All company leaders want to grow, evolve and improve sales, profits, and customer happiness. In other words, leaders want something different, better and more. To have something different, better and more, YOU must become and do something different, better and more in the mind of the coworkers and consumers you serve.

Progressive Leaders are people of dignity, honor, integrity, and strong character. They set the example, not live up to one. They are the best, not hope to be the best. They believe that greatness can only be attained if they care more than others think is wise, do what others are unwilling to, risk more than others think is safe, dream more than others think is practical, and expect more than others think is possible.

It has been said that Hell is dying, going to Heaven and meeting the person you could have been. Potential is perilous. Regret is ridiculous. Raise your standards, design the life you desire, don't live a life by default.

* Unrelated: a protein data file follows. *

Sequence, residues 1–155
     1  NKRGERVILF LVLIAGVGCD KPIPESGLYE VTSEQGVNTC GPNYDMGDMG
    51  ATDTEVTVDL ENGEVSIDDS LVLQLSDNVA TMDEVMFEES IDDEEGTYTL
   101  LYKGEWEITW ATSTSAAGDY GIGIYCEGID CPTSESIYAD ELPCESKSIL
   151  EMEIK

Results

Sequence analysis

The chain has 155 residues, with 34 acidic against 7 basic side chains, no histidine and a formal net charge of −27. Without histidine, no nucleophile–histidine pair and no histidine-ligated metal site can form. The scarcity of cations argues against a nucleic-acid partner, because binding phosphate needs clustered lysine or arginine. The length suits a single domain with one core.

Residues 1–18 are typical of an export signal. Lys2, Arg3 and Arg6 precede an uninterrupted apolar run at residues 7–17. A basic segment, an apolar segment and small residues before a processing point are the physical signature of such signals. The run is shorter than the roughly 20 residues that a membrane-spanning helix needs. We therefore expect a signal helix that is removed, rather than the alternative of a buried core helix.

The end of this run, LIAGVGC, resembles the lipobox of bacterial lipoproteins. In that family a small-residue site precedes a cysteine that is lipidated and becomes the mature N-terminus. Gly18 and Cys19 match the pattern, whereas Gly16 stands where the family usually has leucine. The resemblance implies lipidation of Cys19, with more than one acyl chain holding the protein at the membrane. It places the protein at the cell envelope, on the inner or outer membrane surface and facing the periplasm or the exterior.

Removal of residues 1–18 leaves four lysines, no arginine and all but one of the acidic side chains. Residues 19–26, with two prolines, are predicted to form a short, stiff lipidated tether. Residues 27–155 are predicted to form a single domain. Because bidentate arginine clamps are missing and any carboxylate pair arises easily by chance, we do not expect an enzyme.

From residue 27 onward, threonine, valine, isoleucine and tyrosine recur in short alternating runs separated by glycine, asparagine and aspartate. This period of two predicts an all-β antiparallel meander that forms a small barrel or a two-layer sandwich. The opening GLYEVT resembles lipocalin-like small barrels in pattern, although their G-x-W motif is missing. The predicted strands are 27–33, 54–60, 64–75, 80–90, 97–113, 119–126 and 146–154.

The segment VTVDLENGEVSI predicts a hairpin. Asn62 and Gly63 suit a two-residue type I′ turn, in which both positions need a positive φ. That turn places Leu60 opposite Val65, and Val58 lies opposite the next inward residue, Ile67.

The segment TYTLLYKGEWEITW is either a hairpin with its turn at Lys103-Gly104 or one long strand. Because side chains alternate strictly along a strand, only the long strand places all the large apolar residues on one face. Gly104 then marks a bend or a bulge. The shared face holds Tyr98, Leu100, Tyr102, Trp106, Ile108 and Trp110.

Greatness is trying to find every one of us. We must get out of our own way and act with intention and intensity every day. Kaizen, or what Tony Robbins calls CANI – constant and never-ending improvement – means you make little improvements (1%) in all areas every day.

Growing and serving others is one of the highest callings in life. A candle loses nothing by lighting another candle. Share your light. Just as iron sharpens iron, one person sharpens another. Pass on your passion so that it pays back, forward, multiplies with compound interest and pays dividends to everyone it touches.

Stop working a very costly time-consuming job, and build a business that serves people extraordinarily, and benefits you and boosts your life, rather than one that consumes your life. Start living the life you design, paid for by the business you own, driven by the people you develop and serve.

Stop playing small and stop playing not to lose. You only get hurt and lose. And when you are winning, don't stop going because winning is ONLY good enough. The love of winning is second ONLY to the hatred of losing and changing the game.